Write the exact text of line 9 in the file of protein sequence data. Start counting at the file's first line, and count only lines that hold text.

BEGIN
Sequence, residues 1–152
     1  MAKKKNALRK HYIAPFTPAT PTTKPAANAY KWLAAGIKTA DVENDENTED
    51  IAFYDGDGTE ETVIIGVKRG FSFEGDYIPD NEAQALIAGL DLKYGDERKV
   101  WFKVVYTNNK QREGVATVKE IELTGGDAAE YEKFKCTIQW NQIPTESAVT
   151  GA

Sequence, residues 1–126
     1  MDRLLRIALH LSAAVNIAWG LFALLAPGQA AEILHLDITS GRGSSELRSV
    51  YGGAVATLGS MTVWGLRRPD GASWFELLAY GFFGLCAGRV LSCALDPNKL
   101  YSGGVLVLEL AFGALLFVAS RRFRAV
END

   101  YSGGVLVLEL AFGALLFVAS RRFRAV